Batsheva Dance Company celebrates its 50th anniversary.
Fifty years ago in Israel, Baroness Bethsabée (aka Batsheva) de Rothschild (1914-1999) founded the Batsheva Dance Company. Enamored of dance, she had, during her years in New York, studied with Martha Graham and become a patron of her work. Choreography by Graham was initially a part of Batsheva’s repertory and the training of its dancers. Fast forward over changes in the company’s directorship and mission to 1990; that’s when Ohad Naharin—who trained both with Batsheva and in New York at Juilliard during the 1970s and formed his own small New York group in the 1980s—took over the company and became its principal choreographer.
Given that 2014 is the 50th anniversary of the company’s founding, it seems appropriate that Naharin chose to present Sadeh21, a piece that premiered in 2011, for its season at the Brooklyn Academy of Music. Why appropriate? Because even more than others of his works that I have seen, Sadeh21 celebrates the prowess, the beauty, and the humanity of the Batsheva dancers. It’s as if Naharin were saying in his choreography, “This is what this company is most fundamentally about: human spirit, humor, integrity, and valor.”
And individuality. Sadeh21 begins by startling the chatting audience with a tremendous crash and a thud. After we’re cowed into silence, a woman (Iyar Alezra) enters the white-walled space created by Avi Yona Bueno (Bambi). Now we can take in the astonishingly nuanced movements that are rooted in Gaga, now widespread technique that Naharin designed to render dancers more sensitive to the changes—both minute and cataclysmic—that happen every moment within the labyrinth of muscles, joints, and nerves that make up the human body and its multiple intelligences.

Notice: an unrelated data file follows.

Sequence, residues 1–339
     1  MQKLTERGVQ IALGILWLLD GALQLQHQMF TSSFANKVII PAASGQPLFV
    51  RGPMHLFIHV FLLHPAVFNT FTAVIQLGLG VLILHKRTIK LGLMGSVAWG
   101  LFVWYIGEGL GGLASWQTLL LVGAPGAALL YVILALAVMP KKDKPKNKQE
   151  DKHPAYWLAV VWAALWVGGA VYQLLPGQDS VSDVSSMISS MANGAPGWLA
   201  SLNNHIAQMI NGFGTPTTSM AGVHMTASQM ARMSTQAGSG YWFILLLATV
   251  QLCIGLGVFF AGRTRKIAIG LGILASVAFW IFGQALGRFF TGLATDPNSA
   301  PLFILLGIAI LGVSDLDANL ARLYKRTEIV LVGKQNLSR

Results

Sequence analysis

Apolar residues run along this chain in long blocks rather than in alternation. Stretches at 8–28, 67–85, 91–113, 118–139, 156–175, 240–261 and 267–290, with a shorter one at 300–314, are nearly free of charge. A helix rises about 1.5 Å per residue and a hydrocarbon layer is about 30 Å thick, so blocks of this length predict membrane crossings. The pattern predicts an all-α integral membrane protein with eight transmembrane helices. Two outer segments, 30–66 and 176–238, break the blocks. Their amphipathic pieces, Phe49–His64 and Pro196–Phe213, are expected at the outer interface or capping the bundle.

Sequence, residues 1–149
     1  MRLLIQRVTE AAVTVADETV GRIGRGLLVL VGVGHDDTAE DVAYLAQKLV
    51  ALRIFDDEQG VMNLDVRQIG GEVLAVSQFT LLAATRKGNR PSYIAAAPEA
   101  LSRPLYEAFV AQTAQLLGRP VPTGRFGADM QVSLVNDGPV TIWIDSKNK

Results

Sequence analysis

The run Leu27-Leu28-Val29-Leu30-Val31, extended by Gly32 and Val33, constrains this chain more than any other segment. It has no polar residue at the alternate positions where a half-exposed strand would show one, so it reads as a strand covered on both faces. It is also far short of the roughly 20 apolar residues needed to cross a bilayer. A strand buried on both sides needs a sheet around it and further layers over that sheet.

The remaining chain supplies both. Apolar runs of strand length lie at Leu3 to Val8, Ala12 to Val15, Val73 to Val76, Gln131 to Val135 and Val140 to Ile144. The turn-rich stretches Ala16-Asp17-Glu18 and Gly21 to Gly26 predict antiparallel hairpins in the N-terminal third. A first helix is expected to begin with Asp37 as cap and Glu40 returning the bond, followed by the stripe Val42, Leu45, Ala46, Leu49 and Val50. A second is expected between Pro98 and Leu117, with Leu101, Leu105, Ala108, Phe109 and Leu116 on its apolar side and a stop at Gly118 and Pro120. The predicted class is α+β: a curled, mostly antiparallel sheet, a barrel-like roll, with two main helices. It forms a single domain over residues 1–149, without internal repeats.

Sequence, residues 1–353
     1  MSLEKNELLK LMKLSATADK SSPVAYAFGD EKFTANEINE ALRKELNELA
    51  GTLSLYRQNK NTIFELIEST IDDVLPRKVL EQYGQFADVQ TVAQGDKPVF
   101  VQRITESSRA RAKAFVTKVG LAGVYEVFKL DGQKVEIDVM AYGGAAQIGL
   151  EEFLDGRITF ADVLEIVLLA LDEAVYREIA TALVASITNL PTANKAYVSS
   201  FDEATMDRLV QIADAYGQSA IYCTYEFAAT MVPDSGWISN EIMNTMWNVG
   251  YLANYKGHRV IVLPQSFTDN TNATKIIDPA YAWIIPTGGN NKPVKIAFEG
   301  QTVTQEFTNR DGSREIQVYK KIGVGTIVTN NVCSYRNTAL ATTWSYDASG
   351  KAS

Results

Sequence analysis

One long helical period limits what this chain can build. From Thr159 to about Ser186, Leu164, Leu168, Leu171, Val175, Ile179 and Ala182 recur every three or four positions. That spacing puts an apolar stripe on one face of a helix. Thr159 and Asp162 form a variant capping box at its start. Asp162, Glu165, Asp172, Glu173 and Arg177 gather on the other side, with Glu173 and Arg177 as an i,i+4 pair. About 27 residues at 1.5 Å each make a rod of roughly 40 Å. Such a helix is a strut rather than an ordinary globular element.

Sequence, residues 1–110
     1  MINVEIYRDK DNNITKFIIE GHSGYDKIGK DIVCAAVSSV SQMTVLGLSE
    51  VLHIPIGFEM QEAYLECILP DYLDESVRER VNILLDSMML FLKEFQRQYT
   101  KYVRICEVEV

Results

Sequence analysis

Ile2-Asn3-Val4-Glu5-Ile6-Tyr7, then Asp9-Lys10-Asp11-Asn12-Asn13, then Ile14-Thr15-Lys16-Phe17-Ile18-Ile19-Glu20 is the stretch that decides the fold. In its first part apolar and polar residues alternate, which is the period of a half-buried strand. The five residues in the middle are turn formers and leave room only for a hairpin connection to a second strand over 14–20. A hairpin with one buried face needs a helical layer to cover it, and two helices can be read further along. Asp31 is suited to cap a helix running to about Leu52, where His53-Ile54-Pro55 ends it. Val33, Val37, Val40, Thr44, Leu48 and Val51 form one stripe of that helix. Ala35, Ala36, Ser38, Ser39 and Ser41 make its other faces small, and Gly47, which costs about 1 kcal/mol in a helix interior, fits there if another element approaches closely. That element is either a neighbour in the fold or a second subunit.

Watching Alezra and the nine (I think) other dancers who, one by one, succeed her onstage, I’m aware of their preternaturally flexible spines, their articulation of the differences between small, tight jerks and large smooth moves, and their bold, sensual muscularity. They can jump high, but often they’re low to the ground—whipping themselves into such big, straddle-legged steps that their centers of gravity have to descend. Nothing about them is loose. Every twist, every swing, every cantilevered balance has its carefully (often fiercely) calibrated force and destination. Rarely does any dancer seem unready, even if readiness includes being prepared to take a fall.
Sadeh21 is made up of 21 sections of varying lengths—all of them having arisen out of collaborative work between Naharin and the 18 dancers. Although Bambi’s lighting alters the stage atmosphere from time to time (cooling it to afternoon bluish, warming it midday sun), and the musical selections that form part of Maxim Waratt’s score (“Waratt” is a Naharin alter ego) vary from David Darling and Brian Eno to Autechre and Jun Miyake, there are few dead, begin-again stops in Sadeh21.
The speed and overlap of the initial solo appearances quicken, and alliances form and dissolve. Occasionally those people onstage—or some of them—freeze, creating a landscape with figures. (“Sadeh” may be translated as “field,” and can be taken both as a fertile place and as a domain of activity.) Shortly after “Sadeh 2” is projected on the back wall, Ian Robinson enters with Adi Zlatin slung over his shoulder and puts her down front and center. While these two wrangle and explore each other in a conscribed space to a sweetish melodic passage of music, other things are happening behind and around them. Occasionally William Barry waves one arm in an unemphatic way; occasionally Brett Easterling, hunkered down, explodes into a bent-kneed jump, lands, and freezes again. Three women, their backs to the audience, link arms overhead and, swaying their hips from side to side, move slowly upstage. There’s more going on in this vignette than I’ve described.